process. Trap baits of many designs have been tested over the years, but the hollow
polyvinyl plastic fiber (emit from open ends), closed hollow fiber and bag (emit through
walls) and laminated plastic flake (emit through walls and exposed edges) are commonly
used today. Trap design is also critical to effective use of traps for monitoring insect
populations. Traps vary in design and size dependent on the behavior of the target
insects. Consistent trapping protocols are essential for population evaluations, spray
thresholds, and year to year comparisons. The information from trap catches can be very
useful for decision making on insecticide applications or other control measures. For
example, trap catches may indicate a loss of effect of pheromone on mating disruption and
the need to reapply a pheromone treatment. Careful monitoring and experience in
interpreting collected data are important for success. Traps may also be placed with the
objective of destroying males for population control.
Male annihilation is trapping carried to a seemingly logical conclusion. Place enough
traps, catch enough males, and leave the females of the species without mates. This
approach has been used against pink bollworms in an isolated area of Arizona with low
numbers of overwintering moths. A rate of 5 traps per acre was used and the traps were
composed of Styrofoam cups containing oil to provide larger capacity for dead moths. These
traps were placed on row centers to avoid the cultivator and never serviced again. The
grower community paid for this program for a few years, but results were difficult to
prove because a control area was not available. Calculations by Dr. Edward Knipling (USDA
retired) indicated that almost all (95%+) male pink bollworms would have to be destroyed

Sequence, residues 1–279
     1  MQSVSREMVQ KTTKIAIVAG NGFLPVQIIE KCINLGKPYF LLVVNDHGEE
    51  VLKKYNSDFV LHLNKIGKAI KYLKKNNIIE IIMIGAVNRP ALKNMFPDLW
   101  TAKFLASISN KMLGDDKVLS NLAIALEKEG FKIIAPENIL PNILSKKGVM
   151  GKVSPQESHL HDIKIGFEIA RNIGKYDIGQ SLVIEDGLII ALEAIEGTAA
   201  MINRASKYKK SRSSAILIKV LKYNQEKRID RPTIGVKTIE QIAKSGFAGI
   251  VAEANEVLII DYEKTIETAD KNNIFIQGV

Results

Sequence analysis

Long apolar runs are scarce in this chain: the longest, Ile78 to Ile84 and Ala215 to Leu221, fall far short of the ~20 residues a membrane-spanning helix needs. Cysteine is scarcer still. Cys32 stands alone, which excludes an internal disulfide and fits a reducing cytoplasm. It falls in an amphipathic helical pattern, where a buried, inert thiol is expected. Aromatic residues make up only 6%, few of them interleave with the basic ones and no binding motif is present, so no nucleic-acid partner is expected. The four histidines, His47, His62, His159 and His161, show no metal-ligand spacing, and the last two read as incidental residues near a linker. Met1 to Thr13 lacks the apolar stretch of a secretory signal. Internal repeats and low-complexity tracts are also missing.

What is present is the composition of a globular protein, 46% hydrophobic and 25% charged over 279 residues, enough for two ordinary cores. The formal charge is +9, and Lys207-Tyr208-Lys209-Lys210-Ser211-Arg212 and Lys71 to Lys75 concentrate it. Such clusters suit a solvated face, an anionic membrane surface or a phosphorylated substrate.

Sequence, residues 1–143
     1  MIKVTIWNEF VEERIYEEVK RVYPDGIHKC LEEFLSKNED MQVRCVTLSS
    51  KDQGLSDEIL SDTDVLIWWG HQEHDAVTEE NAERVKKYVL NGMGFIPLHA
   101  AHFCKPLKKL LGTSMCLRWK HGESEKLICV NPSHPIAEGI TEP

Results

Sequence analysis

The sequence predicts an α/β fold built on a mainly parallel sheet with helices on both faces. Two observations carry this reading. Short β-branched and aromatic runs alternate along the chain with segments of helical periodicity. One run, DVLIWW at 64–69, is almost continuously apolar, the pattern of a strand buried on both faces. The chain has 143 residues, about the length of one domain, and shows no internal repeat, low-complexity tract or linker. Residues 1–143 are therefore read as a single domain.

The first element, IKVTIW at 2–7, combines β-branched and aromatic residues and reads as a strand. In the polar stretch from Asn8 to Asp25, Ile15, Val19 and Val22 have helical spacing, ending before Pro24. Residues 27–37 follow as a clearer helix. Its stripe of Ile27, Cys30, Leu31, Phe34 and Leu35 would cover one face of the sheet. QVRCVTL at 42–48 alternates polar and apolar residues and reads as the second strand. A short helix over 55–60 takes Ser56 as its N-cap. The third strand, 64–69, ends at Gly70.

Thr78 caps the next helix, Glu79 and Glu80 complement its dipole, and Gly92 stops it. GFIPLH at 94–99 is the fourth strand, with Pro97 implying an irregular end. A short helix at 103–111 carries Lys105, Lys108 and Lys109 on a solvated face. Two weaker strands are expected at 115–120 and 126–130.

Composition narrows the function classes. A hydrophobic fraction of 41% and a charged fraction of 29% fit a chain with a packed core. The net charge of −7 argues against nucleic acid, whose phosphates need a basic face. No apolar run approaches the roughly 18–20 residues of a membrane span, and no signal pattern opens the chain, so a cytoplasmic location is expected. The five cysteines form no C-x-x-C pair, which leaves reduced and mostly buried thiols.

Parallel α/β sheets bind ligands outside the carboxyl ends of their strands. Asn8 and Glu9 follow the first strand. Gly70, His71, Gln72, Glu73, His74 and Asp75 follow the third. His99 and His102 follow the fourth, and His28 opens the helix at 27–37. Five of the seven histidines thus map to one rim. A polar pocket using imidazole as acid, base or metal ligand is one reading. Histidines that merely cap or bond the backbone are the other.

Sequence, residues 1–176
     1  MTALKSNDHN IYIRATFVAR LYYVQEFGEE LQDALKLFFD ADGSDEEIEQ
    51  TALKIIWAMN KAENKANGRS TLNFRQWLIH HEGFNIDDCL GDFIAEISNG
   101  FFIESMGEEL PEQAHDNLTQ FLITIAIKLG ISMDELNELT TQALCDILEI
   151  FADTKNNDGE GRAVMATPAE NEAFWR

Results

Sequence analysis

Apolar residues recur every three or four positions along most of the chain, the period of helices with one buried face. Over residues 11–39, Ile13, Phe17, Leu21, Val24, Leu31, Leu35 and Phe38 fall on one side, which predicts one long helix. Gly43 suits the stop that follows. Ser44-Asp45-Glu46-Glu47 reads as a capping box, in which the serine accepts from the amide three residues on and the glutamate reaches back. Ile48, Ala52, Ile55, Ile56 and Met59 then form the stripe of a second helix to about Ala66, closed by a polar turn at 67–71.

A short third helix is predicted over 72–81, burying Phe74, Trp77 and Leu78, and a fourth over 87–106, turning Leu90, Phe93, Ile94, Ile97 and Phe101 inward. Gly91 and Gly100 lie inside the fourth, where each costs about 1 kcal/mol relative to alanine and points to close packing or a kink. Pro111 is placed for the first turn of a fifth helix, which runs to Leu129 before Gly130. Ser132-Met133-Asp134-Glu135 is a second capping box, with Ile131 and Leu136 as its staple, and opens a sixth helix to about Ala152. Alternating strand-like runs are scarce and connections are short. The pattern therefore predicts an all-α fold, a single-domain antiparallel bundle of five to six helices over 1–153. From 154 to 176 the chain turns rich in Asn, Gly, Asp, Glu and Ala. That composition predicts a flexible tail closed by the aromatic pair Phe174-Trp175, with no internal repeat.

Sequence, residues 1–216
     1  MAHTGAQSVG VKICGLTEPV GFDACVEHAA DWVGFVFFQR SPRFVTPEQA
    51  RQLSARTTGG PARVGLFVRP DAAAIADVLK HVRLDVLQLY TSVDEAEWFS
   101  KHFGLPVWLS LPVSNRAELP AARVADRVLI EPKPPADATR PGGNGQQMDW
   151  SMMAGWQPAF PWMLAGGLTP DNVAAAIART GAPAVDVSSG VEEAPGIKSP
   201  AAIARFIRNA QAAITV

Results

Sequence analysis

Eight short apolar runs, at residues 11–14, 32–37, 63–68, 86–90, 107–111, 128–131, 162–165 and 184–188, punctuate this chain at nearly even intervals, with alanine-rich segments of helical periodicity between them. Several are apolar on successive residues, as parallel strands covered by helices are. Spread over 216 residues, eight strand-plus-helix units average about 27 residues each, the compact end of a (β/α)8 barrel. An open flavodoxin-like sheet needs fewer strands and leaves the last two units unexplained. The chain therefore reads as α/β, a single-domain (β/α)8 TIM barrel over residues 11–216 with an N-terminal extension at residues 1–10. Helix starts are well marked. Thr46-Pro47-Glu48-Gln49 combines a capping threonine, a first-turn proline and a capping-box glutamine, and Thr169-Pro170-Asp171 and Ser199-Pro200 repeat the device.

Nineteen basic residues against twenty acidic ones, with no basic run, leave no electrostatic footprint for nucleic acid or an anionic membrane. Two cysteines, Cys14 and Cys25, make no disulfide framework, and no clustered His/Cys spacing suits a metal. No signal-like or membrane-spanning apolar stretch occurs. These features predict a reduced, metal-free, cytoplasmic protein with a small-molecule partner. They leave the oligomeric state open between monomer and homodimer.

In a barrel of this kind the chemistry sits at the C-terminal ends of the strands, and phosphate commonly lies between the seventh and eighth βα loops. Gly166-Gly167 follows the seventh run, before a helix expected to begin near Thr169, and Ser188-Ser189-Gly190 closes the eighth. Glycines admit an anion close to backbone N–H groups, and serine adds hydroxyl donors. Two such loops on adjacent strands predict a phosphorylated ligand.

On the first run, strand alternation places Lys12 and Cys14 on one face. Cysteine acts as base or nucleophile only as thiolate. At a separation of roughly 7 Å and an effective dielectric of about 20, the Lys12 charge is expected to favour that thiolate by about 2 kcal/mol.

before they could mate in order to exert significant population control. Any untrapped
males simply mate more frequently. Mating disruption does not depend on traps for control,
although traps are frequently used to monitor the extent of mating disruption in the
population. Failure to trap males is taken as an indication that males are unable to find
females which may or may not be true. Thus, trap data must always be related to actual
levels of crop infestation.
Mating Disruption. With the commercial availability of insect sex
pheromones for several agricultural pests in the 1970's, scientists and entrepreneurs
turned their attention to mating disruption as a "biorational" approach to
insect control. In theory, mating disruption may be accomplished in two principle ways:
false trail following or confusion. False trail following results from placing many more
point sources of pheromone (hollow fibers, flakes or other point sources) per acre than
the anticipated numbers of females in the crop. The odds of males finding females at the
end of the pheromone trail must be greatly reduced. Emission of pheromone is relatively
low from each source such that a downwind trail is created and not lost in a background of
released pheromone. Males following these trails are thought to spend their mating
energies in pursuit of artificial pheromone sources. Pink bollworm males were early
observed trying to mate with hollow fiber pheromone sources in treated fields. Thereafter,